Column: Having so much information makes it hard to differentiate fact from fiction
It has been a particularly dark few years for everyone, and it has made people angry.
Currently, trans people and other LGBTQ+ folks are the victims of that anger.
Before that, it was vaccines and medics; before that, refugees and even before that, again, anger and misinformation were levelled at gay people. Most of those “mature discussions” were shrouded in misinformation and disinformation, as are today’s.
Biology, medicine and other sciences are never basic, identity and mental illness are two completely separate things, and criticism of anti-science views is not an attack on freedom of speech. In fact, social media means freedom of speech is much easier to exercise than ever before; if only we knew what it means as a right and a responsibility.
We have more access to information than any other people in the history of the world. My generation is the most educated there has ever been, and the next will be even better. But with all of that comes the responsibility to do more than sound out the words.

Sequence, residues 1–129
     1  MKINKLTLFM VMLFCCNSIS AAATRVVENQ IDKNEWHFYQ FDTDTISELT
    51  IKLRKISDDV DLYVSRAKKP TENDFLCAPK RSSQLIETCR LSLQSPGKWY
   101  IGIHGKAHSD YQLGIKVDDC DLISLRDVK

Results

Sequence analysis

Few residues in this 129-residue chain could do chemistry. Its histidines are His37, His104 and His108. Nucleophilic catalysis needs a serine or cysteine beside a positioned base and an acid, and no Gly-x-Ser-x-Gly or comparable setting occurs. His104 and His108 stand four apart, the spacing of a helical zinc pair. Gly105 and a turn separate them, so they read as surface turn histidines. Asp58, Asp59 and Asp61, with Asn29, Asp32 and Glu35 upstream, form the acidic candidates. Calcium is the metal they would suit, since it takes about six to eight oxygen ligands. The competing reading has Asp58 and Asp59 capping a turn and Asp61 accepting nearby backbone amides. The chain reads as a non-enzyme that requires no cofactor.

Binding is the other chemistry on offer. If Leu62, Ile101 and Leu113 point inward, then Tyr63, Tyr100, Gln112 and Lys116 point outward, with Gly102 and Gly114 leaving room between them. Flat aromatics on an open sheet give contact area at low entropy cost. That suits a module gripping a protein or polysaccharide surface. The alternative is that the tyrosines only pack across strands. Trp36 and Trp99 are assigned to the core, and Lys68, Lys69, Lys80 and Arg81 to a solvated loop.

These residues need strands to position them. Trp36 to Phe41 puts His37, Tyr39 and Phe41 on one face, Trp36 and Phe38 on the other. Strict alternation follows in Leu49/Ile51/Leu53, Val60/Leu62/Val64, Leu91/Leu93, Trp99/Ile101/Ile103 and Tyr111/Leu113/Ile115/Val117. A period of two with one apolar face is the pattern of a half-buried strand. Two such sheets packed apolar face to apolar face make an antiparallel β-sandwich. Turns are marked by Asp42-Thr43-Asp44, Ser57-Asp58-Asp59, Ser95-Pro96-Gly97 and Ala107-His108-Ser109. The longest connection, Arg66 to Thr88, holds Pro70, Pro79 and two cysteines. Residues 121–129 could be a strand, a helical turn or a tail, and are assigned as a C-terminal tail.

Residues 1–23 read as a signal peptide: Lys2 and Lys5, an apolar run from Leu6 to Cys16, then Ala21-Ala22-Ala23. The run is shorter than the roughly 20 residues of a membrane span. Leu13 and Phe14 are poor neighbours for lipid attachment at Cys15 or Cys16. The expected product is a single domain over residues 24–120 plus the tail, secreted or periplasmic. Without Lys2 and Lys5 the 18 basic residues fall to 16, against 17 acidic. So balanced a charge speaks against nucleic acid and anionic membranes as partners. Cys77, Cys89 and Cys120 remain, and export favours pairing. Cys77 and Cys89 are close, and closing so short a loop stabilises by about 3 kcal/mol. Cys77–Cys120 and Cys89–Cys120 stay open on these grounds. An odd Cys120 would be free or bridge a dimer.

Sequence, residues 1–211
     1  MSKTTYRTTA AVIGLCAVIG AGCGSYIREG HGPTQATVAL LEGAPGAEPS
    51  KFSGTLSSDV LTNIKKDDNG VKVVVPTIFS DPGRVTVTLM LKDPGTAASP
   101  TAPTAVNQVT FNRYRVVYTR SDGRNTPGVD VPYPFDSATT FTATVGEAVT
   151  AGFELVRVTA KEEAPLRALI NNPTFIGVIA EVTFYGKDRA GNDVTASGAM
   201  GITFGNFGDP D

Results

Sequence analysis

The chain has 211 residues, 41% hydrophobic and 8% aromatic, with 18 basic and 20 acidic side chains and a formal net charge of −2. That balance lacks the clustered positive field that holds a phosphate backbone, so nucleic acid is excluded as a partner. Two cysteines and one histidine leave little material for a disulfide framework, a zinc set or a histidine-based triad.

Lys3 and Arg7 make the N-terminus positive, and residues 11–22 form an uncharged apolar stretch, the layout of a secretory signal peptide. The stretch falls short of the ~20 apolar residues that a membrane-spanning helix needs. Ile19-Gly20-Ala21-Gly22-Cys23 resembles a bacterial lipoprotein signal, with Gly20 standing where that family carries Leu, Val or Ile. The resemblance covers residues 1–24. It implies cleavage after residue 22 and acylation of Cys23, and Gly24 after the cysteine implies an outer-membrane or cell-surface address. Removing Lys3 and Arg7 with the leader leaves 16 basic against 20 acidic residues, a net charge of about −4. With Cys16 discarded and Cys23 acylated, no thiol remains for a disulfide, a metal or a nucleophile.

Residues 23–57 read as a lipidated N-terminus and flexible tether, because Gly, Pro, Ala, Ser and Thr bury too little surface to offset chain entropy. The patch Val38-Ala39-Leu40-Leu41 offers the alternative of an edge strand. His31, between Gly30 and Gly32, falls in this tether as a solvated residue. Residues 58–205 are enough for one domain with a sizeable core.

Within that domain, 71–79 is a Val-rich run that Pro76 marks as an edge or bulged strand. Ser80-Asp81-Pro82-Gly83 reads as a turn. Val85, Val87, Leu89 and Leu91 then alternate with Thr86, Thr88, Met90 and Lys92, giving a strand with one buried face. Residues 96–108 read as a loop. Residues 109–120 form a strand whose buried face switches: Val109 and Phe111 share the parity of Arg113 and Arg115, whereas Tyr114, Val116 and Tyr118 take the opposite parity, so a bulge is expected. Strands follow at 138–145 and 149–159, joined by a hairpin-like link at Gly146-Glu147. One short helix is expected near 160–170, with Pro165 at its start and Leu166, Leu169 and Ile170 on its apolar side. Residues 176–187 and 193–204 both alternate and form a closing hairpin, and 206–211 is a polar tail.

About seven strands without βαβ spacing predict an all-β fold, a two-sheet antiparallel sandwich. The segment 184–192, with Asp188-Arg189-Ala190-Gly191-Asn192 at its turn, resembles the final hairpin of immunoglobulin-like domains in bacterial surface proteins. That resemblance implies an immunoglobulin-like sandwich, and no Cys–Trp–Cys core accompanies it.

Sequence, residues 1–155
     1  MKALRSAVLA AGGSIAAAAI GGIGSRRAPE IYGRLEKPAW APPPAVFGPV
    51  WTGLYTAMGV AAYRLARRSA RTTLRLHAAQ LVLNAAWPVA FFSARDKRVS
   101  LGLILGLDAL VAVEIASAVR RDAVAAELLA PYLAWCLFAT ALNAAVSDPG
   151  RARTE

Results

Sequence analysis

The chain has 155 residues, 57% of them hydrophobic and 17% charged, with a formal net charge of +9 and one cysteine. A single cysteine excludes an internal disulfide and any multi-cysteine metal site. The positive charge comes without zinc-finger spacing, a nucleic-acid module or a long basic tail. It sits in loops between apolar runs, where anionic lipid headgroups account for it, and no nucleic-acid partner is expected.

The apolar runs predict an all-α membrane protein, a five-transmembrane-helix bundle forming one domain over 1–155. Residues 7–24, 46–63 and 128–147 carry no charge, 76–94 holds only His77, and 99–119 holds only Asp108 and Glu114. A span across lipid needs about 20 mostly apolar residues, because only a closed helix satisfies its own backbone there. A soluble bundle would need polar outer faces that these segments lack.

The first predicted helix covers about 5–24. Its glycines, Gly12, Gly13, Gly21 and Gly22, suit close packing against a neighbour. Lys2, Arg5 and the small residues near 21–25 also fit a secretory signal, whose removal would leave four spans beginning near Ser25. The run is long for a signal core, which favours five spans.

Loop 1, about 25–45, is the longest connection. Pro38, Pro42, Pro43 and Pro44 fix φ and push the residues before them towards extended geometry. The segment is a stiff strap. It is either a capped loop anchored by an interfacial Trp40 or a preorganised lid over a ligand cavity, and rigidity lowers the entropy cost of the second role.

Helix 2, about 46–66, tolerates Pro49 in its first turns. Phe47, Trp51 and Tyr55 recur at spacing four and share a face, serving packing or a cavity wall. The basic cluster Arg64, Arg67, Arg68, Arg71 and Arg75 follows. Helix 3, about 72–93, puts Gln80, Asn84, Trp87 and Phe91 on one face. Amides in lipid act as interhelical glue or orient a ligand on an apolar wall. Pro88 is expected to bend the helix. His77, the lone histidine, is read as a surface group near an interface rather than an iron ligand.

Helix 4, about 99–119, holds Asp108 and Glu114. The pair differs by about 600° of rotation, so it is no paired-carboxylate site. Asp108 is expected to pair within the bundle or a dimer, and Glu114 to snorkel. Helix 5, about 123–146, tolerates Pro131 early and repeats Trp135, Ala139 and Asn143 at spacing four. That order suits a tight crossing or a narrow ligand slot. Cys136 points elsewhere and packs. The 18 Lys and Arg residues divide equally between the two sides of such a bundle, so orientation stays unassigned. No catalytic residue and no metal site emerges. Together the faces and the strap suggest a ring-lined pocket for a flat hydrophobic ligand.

We must dig a little deeper into what we are told, shown and even what we believe. We have to try harder to understand.
Okay, but what next?
That is, of course, easier said than done. Having so much information makes it hard to differentiate fact from fiction.
So, here are some tips I use to evaluate online content.
1. Any image you are looking at should be complete.
If something is blurred or cropped, you cannot say what is missing or distorted.
2. For information to be reliable, it must come from a legitimate source.
The person who shared the image or piece of information is not necessarily the creator.
3. Sources that use the terms “science says” or “research shows” should be questioned.
That research should be identified by its institution if a whole citation is not practical.
4. While you may recognise the place in a photo, question when the photo was taken; just because someone said it was taken at an event doesn’t mean it wasn’t taken a year prior.
5. Consider the context. If something is shared online to disparage or attack a group, it is not being shared in good faith.
6. When making a decision, make it on a balance of evidence. There won’t always be a smoking gun.
But if there are inconsistencies and the context is one-sided, then chances are the content is suspect.
7. If you are unsure about something online, do not share it. Do not like or comment. And if you think it violates a platform’s guidelines, report it.
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